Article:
As the conflict entered its fifth year on Tuesday, figures showed at least half a million children have dropped out of school with many doing odd jobs to sustain themselves and their families.
HUDAIDA, Yemen — Until June 2018, Mohammed Qasim worked as a fisherman in Mandhar village on the outskirts of Yemen's Hudaida city. The war however reached his doorstep with the Saudi-led coalition forces bombing his neighbourhood.
Qasim fled his village along with his wife and three children.
“We did not take anything with us, we only were thinking how to reach a safe area. We felt happy when we arrived to the city,” Qasim’s wife Noureyah told TRT World.
Soon after taking refuge in Hudaida, Qasim learnt all the oshas - the houses made of straw and clay - in his village, including his own, were burnt to the ground.
“It was the first day of Eid when we fled our house," Noureyah recalled. "We are in a permanent grief ever since.”
Qasim scraped together some work with his friend, a fellow fisherman, and both started selling fish in Hudaida.
But fishing in the sea involved grave dangers, as the airstrikes targeted fishermen, she said, adding that only the most desperate and hungry ones risked sailing in the waters of Red Sea.
“My husband sailed in Al Mihwat area and he sold his stock in the nearby fish market.”
On August 3, 2018, the fish market was hit by an alleged Saudi-led airstrike, killing at least 20 civilians, including Qasim.
“I heard the explosion and half an hour later a neighbour came to me shouting ‘Qasim is dead'," Noureyah said.
She rushed to the market and found a dead body with its limbs missing. She was told that the dismembered corpse was her husband's.
“I couldn't recognise him. They left nothing of him," she said. "My children suffered from psychological trauma and they refuse to believe their father is no more. They cried for several weeks.”
Children as breadwinner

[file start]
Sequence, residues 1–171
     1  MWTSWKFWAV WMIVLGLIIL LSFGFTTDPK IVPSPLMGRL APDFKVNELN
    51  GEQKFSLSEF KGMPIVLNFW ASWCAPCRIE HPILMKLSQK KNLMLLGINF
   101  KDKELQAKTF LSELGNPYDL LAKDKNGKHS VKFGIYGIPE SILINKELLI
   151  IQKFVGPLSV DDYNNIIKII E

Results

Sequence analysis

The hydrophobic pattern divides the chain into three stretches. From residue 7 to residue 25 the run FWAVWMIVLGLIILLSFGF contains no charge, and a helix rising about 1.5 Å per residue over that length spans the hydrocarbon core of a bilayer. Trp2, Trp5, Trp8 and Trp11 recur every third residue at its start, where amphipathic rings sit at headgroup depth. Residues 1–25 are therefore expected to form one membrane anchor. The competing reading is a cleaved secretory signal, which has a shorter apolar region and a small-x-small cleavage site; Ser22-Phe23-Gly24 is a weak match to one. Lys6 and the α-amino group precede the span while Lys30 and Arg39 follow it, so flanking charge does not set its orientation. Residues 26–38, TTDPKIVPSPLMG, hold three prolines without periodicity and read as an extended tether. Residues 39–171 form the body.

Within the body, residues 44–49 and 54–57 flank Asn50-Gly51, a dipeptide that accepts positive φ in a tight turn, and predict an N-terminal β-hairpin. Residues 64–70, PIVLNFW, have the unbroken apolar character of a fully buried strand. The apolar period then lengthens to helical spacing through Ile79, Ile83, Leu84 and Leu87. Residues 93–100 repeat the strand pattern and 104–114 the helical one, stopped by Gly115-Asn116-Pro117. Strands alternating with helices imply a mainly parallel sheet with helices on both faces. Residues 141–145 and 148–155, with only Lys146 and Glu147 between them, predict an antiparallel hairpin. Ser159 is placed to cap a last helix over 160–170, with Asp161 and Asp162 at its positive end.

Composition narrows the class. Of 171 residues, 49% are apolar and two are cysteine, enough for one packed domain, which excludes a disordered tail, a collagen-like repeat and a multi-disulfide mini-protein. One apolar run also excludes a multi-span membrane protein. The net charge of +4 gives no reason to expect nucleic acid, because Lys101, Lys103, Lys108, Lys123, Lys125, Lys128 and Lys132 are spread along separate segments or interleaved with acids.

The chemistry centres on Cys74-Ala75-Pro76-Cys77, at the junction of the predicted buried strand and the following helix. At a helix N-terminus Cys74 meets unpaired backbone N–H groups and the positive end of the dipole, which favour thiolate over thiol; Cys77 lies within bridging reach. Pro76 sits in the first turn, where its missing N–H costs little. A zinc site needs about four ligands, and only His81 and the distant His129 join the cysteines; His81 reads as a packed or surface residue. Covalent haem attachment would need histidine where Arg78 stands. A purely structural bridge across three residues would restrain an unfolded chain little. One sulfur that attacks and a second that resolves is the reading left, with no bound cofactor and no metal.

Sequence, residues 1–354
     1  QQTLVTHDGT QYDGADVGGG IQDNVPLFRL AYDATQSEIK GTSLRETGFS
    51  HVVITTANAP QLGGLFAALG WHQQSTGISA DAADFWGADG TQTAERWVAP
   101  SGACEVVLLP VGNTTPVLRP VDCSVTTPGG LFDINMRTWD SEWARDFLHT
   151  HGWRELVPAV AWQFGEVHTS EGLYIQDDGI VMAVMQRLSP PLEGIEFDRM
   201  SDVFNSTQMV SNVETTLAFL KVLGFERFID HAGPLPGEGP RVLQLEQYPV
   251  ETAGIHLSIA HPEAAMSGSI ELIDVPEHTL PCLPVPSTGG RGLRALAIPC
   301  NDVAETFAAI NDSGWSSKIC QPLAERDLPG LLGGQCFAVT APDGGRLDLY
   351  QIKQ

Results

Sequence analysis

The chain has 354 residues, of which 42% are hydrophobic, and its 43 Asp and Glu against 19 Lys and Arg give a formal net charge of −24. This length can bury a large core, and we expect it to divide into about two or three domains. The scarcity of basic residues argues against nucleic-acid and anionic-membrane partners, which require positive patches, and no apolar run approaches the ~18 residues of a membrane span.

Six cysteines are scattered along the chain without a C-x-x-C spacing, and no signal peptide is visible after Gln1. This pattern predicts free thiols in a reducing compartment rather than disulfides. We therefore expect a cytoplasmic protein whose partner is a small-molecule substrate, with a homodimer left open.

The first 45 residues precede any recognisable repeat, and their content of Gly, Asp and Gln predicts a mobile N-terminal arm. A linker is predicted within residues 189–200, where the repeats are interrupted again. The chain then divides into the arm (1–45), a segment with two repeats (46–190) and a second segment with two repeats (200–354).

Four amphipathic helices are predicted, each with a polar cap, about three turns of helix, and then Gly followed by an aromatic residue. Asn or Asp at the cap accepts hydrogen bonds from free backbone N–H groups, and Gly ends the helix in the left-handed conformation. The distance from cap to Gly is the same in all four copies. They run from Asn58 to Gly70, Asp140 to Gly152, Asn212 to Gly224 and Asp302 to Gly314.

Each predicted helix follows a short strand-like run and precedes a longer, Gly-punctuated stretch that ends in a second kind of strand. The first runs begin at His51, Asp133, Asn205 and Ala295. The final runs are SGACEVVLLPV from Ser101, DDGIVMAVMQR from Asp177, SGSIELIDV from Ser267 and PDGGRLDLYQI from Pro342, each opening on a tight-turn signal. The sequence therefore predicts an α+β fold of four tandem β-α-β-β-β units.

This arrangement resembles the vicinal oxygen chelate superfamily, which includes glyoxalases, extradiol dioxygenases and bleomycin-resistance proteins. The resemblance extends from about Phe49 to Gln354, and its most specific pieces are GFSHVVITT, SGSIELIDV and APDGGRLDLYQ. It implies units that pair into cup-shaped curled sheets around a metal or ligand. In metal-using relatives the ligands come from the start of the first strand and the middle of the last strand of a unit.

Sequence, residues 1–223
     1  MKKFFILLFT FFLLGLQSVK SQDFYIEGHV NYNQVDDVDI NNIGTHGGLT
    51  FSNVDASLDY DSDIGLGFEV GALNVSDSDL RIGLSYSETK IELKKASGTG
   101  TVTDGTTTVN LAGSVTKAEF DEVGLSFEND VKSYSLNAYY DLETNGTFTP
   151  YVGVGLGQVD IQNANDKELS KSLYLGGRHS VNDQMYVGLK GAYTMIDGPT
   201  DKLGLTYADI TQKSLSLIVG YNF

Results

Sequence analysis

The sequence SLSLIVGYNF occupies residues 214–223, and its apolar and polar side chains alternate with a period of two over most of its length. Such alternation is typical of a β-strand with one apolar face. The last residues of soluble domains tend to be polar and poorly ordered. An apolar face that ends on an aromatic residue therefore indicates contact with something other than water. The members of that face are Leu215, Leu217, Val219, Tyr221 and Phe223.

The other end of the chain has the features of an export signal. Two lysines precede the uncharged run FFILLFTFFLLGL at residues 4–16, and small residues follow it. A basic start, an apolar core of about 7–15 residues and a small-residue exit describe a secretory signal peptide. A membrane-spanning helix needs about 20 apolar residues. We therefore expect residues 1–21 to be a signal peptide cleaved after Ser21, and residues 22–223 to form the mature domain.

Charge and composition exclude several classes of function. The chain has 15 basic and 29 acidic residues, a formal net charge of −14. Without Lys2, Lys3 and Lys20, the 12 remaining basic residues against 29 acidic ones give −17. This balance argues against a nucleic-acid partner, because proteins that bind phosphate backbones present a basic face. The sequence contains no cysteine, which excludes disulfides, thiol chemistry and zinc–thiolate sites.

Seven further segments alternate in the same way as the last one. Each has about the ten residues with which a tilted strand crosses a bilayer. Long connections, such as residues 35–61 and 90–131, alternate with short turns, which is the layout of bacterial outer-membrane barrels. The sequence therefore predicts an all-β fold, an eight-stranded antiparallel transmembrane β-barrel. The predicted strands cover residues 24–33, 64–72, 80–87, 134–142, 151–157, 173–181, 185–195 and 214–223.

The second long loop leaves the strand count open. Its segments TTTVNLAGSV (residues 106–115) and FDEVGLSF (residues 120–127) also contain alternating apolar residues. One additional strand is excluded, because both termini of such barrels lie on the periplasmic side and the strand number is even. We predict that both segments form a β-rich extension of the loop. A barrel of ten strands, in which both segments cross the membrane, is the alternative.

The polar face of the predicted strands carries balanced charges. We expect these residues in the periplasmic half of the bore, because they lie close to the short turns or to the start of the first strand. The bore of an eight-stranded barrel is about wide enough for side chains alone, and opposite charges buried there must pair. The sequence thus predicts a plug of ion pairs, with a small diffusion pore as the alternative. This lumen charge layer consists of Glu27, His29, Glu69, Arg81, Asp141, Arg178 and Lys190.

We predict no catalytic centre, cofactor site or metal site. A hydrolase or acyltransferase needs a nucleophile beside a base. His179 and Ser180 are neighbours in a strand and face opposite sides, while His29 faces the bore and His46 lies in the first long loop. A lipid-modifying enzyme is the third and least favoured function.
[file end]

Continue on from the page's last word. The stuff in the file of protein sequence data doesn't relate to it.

With Qasim gone, his 11-year-old son Mohammed Amin became the breadwinner for the family.
“My father wanted us to be independent and not wait for people to help us," Amin told TRT World. "So I quit school and restarted my father's fish business."
Amin works with his father’s friends in the same fish market where his father was killed. He makes $2 (YR1,000) per day. With that money, he manages to buy food for his family.
“I only think about how to make some more money and get by," the 11-year-old said.
Every morning as Amin sets his kiosk up at the same spot where his father sold fish, he gets flashes of his father's blood-soaked and dismembered body. He fights those thoughts, puts his head down and tries to focus on selling fish.
But whenever warplanes speed past above him, he runs out of the market and hides inside his home. "The sound of fighter jets scares me," he said. "I don't know how people work while they pass over them."
Amin is tired of making ends meet and he's waiting for the day when he can leave all the emotions tied to his father's killing behind and return to Mandhar village.
“We know a lot of people in our village. I'm sure if we go back, they will help me earn more money," he said.
Mahmoud Fawzi, 13, is another child works in the same fish market to eke out a decent living for his family of five. He lost his father in the same explosion in August 2018.
Fawzi still wants to continue with his education but circumstances forced him to abandon his school and take over his father's business, “My dream was to teach Arabic in schools but I can't become a teacher anymore. I'm the eldest son and I have to make a living for my family,” he told TRT World.
Fawzi says he's learned to muster courage and face the hovering fighter jets with a defiant gaze. At a very young age he has thought deeply about what it means to live and die and has come to a philosophical conclusion of sorts. "We cannot flee from death," he said. "We live under the mercy of Allah and everyone will meet his destiny.”
In a small and intimate Al Mihwat fish market in Hudaida, several dozen children have replaced their fathers, taking over the fish business after they were killed in airstrikes.
Jamal al Shami, the head of the Democracy School, said that the number of child breadwinners had increased manifold since the beginning of the Yemen war in 2015.
“The circumstances are such that children cannot escape working for their families as their fathers either lose jobs or get killed in the war," Shami said.
As many as two million Yemeni children are out of school and have “very limited” opportunities to return to education, UNICEF warned at the end of last month.